Robert Jackson's Opinion on the Destroyer Deal and the Question of Presidential Prerogative

40 Pages Posted: 3 Apr 2013  

Robert J. Delahunty

University of St. Thomas School of Law (Minnesota)

Date Written: 2013

Abstract

Recent years have seen a revival in interest in the work of Robert Jackson – Franklin Roosevelt's Attorney General and later Associate Justice of the Supreme Court. Jackson's account of Executive power in his concurring opinion in the Steel Seizure Case is widely celebrated. But that opinion needs to be read against the backdrop of his earlier work as Attorney General and his judicial opinions in other leading war powers cases, including his notable dissent in Korematsu. Starting with a close analysis of Attorney General Jackson's controversial 1940 opinion in the "destroyer deal" case – which was written at the point at which Hitler seemed poised to defeat Britain – this essay investigates whether and how far Jackson accepted some form of Presidential "prerogative" to act, even unconstitutionally, in the face of critical emergencies threatening the life of the nation.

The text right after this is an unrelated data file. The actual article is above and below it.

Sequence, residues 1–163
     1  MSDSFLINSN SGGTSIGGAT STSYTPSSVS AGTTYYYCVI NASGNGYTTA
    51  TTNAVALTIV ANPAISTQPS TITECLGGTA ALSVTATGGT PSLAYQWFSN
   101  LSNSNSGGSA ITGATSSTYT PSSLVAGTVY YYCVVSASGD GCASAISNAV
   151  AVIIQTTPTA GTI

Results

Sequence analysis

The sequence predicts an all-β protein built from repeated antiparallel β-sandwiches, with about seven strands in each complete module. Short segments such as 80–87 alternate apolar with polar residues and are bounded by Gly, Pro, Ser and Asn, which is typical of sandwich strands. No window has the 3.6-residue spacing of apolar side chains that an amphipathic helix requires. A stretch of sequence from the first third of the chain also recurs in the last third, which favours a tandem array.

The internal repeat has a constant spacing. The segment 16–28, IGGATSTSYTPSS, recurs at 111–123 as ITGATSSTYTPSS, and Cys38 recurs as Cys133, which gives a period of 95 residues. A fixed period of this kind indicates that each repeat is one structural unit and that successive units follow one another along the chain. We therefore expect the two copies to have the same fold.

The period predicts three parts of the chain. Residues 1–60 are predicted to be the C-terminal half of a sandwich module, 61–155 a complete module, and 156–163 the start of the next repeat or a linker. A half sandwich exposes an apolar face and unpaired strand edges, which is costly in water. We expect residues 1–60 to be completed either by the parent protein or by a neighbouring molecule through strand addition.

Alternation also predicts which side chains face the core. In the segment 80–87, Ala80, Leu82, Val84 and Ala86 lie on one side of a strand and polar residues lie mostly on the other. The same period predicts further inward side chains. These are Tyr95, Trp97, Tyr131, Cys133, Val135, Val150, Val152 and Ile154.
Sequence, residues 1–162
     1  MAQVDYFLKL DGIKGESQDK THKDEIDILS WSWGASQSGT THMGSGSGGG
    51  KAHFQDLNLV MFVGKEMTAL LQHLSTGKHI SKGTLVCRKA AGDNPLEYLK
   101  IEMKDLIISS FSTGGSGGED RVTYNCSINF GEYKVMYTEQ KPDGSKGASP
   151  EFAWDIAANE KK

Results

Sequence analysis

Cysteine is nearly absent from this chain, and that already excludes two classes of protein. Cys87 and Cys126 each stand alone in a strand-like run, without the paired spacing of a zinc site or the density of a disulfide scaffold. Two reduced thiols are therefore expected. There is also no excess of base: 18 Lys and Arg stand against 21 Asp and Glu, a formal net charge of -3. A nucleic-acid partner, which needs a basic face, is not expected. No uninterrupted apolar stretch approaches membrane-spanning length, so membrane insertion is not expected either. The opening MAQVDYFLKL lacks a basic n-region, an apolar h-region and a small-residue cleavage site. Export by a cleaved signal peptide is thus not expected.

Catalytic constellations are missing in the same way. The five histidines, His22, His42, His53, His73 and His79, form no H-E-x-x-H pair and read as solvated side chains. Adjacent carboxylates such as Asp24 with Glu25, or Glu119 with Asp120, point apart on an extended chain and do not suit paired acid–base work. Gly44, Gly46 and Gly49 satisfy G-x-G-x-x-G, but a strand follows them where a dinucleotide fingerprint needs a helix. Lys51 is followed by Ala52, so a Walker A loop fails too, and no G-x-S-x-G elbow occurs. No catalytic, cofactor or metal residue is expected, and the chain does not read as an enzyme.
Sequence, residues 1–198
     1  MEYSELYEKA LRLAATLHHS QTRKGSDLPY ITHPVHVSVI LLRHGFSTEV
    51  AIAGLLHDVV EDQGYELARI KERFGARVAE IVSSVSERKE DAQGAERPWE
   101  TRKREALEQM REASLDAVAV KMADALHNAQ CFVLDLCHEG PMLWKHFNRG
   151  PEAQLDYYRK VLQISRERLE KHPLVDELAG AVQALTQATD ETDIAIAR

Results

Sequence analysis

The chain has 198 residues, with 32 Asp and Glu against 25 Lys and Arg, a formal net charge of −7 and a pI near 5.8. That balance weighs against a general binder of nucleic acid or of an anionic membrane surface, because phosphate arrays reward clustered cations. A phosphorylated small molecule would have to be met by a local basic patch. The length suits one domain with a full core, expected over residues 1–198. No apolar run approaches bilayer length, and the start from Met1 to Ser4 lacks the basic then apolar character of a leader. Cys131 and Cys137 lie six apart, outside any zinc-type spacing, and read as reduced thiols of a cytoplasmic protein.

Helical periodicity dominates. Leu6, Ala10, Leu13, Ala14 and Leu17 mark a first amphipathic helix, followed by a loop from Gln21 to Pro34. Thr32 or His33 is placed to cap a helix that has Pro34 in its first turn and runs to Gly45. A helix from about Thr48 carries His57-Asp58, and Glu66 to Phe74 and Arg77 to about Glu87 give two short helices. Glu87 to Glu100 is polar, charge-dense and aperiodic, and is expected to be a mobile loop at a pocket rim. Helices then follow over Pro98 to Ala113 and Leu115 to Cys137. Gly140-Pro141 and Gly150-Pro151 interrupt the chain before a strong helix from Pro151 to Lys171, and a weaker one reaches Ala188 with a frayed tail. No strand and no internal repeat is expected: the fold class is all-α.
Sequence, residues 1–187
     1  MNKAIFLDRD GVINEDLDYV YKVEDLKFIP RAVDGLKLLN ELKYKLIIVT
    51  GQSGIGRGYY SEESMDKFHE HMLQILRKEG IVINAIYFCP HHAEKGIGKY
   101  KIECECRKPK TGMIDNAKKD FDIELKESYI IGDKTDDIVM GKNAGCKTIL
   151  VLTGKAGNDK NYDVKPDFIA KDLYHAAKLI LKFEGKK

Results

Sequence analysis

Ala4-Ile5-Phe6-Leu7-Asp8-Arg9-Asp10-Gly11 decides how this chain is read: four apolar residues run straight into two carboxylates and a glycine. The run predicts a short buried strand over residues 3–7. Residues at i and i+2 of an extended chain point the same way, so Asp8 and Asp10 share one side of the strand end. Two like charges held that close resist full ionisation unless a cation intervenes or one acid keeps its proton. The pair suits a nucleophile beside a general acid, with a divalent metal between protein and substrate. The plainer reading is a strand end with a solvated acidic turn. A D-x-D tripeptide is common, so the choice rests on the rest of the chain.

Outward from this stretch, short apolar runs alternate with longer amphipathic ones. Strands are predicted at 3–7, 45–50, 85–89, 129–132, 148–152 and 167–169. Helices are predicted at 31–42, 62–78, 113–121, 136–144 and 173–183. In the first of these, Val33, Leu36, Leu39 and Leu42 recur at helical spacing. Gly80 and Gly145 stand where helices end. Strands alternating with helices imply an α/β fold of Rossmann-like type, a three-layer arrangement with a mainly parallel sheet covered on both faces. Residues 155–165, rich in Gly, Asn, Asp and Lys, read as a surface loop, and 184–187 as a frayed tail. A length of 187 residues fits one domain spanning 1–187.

Keywords: Supreme Court, Justice Robert Jackson, Steel Seizure Case, Korematsu, Presidential Power, Constitutional law

Suggested Citation

Delahunty, Robert J., Robert Jackson's Opinion on the Destroyer Deal and the Question of Presidential Prerogative (2013). Vermont Law Review (2013, Forthcoming); U of St. Thomas (Minnesota) Legal Studies Research Paper No. 13-08. Available at SSRN: https://ssrn.com/abstract=2243980

Robert J. Delahunty (Contact Author)

University of St. Thomas School of Law (Minnesota) ( email )

MSL 400, 1000 La Salle Avenue
Minneapolis, MN Minnesota 55403-2005
United States

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